The golden cup of Cornelis de Witt
After the successful expedition to Chatham, Michiel De Ruyter, Willem-Joseph Van Ghent and Cornelis de Witt were presented with a beautiful golden cup on behalf of the States of Holland during a meal on 7 November 1667. The events on the Medway are depicted in coloured enamel. The ships with the red-white-blue flag are the ships of the Dutch war fleet.
The identical cups (with the exception of the inscription on the inside of the lids) were made in 1667 by The Hague gold- and silversmith Nicolaas Loockemans (?-1673).

After Cornelis de Witt's death, possession of the cup passed successively to his widow Maria van Berckel, after her death to their daughter Anna Elisabeth de Witt and after Anna had died childless in 1721 in all likelihood to the children of Johan de Witt. The cup remained in the family and eventually came into the hands of the great-grandchild of Cornelis and Johan de Witt: Maria Hoog. A grandson of hers would have sold the cup in 1876 to an unknown person, who sold it on to the family of Rothschild. After his death in 1886, the possessions of Mayer Carl of Rothschild were divided among his seven daughters. The cup went to the eldest daughter, Baroness Adèle (1843-1922), who left her art collection to various museums in France. The cup is part of the permanent presentation of the Louvre and is formally the property of the Musée national du Moyen-Âge-musée de Cluny in Paris.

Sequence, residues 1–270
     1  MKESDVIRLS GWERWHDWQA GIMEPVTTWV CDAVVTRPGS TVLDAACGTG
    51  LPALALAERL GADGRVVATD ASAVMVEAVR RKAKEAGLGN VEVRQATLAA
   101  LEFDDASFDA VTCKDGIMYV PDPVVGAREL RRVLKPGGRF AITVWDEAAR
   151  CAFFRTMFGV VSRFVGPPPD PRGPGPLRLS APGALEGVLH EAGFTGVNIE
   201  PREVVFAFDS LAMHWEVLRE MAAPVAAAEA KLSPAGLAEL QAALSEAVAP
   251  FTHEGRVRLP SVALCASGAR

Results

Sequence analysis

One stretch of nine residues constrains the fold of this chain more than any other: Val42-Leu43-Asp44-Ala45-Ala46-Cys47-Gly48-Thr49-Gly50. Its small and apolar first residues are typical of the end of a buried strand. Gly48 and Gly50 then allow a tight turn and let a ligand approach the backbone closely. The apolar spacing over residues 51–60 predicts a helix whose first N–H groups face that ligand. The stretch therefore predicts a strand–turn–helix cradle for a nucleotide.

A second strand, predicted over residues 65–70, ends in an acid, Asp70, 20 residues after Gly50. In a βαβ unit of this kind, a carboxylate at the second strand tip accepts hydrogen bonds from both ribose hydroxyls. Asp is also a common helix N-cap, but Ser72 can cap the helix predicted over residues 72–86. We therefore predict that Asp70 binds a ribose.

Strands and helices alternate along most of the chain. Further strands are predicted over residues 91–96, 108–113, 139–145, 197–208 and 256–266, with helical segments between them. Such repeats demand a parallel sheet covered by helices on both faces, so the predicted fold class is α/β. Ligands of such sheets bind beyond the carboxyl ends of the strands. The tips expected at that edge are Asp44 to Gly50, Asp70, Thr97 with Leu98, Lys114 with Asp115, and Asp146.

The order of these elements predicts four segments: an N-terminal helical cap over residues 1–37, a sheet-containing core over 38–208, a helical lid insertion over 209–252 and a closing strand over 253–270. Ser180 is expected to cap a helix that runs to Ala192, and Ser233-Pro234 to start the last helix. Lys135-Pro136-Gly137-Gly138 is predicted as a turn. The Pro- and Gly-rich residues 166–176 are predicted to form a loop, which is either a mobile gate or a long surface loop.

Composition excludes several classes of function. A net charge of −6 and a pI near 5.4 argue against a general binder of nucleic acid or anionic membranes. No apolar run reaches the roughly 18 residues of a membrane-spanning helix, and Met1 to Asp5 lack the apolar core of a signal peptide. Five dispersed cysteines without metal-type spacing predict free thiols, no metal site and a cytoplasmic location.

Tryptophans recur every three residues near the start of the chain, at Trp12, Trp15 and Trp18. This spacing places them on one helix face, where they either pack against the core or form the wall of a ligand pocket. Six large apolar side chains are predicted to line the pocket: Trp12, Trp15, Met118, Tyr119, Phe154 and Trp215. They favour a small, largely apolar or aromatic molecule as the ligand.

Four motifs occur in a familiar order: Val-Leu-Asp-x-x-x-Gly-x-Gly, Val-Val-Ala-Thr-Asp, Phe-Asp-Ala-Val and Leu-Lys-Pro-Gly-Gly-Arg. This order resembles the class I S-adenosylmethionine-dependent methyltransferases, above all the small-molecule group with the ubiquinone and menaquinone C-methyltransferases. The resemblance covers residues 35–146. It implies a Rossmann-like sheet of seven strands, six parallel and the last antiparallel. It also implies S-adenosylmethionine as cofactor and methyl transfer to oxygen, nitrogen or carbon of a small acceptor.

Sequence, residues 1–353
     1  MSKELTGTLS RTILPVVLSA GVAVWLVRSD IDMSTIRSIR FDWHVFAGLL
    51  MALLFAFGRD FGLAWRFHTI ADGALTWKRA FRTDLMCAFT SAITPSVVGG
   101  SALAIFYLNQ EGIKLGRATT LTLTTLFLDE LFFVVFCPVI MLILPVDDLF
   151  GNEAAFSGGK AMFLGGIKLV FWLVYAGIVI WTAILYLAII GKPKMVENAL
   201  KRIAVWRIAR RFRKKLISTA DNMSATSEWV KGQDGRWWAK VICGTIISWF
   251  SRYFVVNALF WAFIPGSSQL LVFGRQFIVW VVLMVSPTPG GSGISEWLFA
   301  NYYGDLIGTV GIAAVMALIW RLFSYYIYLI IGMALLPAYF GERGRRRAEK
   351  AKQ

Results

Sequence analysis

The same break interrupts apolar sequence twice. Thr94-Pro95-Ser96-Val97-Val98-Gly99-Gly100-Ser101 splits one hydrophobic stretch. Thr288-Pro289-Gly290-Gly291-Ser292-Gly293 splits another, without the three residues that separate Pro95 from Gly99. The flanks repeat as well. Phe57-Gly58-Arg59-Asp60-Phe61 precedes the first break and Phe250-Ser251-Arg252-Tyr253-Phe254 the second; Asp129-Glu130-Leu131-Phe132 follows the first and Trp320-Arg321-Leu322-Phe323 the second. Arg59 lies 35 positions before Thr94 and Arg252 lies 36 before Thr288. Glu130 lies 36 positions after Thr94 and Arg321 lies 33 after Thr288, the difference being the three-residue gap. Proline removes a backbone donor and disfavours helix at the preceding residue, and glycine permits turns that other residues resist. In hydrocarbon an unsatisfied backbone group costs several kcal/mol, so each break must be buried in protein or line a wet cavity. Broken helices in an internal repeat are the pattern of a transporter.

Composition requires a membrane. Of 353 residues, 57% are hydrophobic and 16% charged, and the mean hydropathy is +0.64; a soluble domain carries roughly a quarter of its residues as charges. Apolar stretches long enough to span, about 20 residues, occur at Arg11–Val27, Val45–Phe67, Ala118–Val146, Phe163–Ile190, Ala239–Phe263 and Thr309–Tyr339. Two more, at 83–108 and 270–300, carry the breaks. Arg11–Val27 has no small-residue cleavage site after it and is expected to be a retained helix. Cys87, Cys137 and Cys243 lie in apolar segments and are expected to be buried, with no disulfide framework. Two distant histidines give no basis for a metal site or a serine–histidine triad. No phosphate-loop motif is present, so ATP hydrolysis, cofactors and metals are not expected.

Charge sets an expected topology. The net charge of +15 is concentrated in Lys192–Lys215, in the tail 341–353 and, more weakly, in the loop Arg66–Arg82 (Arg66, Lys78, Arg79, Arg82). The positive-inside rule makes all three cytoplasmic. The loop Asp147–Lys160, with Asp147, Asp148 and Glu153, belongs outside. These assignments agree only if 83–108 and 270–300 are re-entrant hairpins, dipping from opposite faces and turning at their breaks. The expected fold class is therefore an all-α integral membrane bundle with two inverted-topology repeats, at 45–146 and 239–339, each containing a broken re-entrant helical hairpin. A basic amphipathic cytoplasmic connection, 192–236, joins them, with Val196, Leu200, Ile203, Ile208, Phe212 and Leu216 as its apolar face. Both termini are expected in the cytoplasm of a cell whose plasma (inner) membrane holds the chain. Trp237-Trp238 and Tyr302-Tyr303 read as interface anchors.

Van Ghent's cup has been lost; De Ruyter's cup is kept in the Rijksmuseum.

(Source: Sanne Hermans 2017)